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You probably know magnesium best for its role in laxatives (Milk of Magnesia, Magnesium Citrate) or antacids (Maalox, Rolaids).
Yet did you know that low magnesium may be the possible key to your baffling symptoms?
Let me first mention the myriad of illnesses that can be caused by the lack of this simple mineral. This is especially relevant when you consider that nearly 7 out of 10 adults are low in magnesium — but don’t realize it!
Illnesses linked to low magnesium
Leg cramps is a very common complaint of my older patients. This is often remedied by magnesium supplementation (I’ll discuss specifics below).
But you might be surprised to know that this is just one of many illnesses known to be linked to low magnesium intake and low serum levels. Other common symptoms and illnesses associated with low magnesium include:
- Muscle weakness, muscle spasms, eye twitching, tingling, numbness
- Depression, anxiety, irritability, attention deficit hyperactivity disorder (ADHD)
- Skin problems such as acne and eczema
Even more significantly, low magnesium is strongly associated with heart disease, type 2 diabetes, migraine headaches, and more top chronic diseases which I’ll take up in my next report.
But first, you deserve to understand the magnitude of the problem of magnesium deficiency.
Magnesium deficiency is very prevalent
Even though magnesium-rich foods include brown rice, beans, avocados, and dark chocolate, a government study shows that 68% of Americans consume below the RDI of magnesium (420 mg a day for adult males), 53% of teenage girls show levels of gross deficiency. and 19% of Americans consume less than half of the RDI of magnesium.
To make things worse, our government’s RDI (recommended daily intake) of magnesium is too low for optimal health.
Magnesium plays a part in more than 300 metabolic reactions such as energy production, DNA synthesis, insulin action, glucose regulation, lipid metabolism, blood pressure control, muscle contraction, nerve innervations, bone strength, and much more.
Why such magnesium deficiency?
We know that low magnesium is probably the most underdiagnosed electrolyte deficiency in current medical practice.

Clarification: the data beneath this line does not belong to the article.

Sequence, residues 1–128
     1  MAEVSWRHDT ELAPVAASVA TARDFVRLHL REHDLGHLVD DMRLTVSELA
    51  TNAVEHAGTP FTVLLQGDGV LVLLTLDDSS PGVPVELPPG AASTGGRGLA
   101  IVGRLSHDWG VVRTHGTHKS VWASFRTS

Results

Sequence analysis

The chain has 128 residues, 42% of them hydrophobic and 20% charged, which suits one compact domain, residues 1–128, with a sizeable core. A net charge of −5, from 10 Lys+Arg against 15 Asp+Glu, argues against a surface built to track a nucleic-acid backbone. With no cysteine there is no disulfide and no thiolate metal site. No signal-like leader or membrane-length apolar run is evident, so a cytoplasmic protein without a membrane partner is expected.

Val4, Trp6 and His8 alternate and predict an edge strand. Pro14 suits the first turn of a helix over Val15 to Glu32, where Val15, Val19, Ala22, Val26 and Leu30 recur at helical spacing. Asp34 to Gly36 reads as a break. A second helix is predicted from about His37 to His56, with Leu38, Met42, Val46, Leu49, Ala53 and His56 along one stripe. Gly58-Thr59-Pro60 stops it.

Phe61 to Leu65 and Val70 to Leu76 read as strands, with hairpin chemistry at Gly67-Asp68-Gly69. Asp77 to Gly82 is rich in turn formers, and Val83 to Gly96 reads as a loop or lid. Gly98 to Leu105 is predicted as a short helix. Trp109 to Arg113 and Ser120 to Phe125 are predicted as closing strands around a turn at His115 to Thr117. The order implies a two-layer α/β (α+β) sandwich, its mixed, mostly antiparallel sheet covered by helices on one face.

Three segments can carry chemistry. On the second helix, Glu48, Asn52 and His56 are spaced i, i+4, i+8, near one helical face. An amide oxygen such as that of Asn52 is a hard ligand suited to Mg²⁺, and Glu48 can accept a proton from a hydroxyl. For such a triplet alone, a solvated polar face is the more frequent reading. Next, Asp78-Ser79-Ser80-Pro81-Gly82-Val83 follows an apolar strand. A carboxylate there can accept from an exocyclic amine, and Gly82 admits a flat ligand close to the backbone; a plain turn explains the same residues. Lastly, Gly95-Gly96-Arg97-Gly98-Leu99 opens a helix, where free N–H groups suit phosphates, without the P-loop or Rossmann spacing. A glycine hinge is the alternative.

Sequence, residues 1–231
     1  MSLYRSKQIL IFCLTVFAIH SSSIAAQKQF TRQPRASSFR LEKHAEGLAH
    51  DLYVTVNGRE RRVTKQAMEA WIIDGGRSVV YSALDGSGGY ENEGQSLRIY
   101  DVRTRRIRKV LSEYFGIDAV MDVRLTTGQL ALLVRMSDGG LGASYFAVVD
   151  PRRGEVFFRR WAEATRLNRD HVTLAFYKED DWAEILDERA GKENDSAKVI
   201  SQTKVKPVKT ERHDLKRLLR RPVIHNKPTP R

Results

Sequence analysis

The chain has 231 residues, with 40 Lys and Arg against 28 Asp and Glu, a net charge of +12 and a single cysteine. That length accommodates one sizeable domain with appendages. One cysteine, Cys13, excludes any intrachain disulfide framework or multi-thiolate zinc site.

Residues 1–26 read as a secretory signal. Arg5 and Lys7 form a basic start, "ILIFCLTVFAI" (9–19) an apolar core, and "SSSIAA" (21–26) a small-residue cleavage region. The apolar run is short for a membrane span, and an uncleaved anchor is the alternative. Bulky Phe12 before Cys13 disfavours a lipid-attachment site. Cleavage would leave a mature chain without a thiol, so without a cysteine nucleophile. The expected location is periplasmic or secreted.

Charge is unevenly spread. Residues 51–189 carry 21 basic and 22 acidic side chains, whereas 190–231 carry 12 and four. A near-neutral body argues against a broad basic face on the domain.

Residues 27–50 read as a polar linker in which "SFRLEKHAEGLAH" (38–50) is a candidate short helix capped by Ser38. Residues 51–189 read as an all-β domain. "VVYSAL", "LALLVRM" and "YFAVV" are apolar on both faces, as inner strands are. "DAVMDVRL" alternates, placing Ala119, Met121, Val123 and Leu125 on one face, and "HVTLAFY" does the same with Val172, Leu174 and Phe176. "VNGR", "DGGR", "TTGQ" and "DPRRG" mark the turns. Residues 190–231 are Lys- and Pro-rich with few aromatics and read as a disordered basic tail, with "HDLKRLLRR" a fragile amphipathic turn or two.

Why don’t routine blood (serum) tests ordered by your doctor reflect tissue magnesium levels or function? Part of the answer lies in the fact that magnesium deficiency in your muscles is difficult to measure and therefore, is not generally detected or reported.
Consider that 99.7 percent of total body magnesium is found in bones, muscles and tissues, while you’ll only measure 0.3% in serum. Therefore, serum magnesium levels have little correlation with your magnesium level in specific body tissues. Peer-reviewed scientific articles, therefore, reveal that the diagnosis of low magnesium or low calcium is vastly underestimated.
Moreover, your blood is your homeostatic body fluid and will adjust to keep magnesium and other chemical levels optimal — even when your tissue magnesium may be insufficient.
Even the other methods of detecting low magnesium (from red blood cells, saliva, urine, and magnesium tolerance tests) are similarly not satisfactory. Moreover, magnesium serum levels reference range for normal is too low and already represents a mild magnesium deficiency.
Magnesium deficiency is now considered the silent epidemic of our times. Since we cannot look to lab tests to discover low magnesium, I recommend you know the illnesses associated with it, symptoms and signs of it, or better, just take a daily supplement if you are at risk for it.
Beware what lowers your magnesium
In addition to a lack of dietary intake of magnesium, here are other ways your body’s magnesium levels can be reduced:
- Refined sugars cause increased urinary losses
- Stress uses it up more quickly (anxiety, insomnia, heavy exercise, surgery, etc.)
- Hormone imbalances lower our serum magnesium
- Prescription medications lower our serum magnesium: diuretics (Lasix); proton-pump inhibitors (Prilosec); zinc supplements (over 142 mg/day); gentamicin, digoxin, penicillamine, and chemotherapy drugs.
- Calcium supplementation with more than 1:1 ratio calcium to magnesium
- Alcohol consumption increases urinary losses (30 percent of alcoholics)
- Kidney, liver or heart disease
- Poor intestinal health reduces absorption. Crohn’s, colitis, celiac, diarrhea states
- Hyperthyroidism, diabetes mellitus, SIADH (anti-diuretic hormone excess)
- Age over 55 decreases absorption and increases urinary losses
- Some evidence indicates our soil and crops are becoming depleted
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- How Many Americans Are Magnesium Deficient?
— Life Extension®
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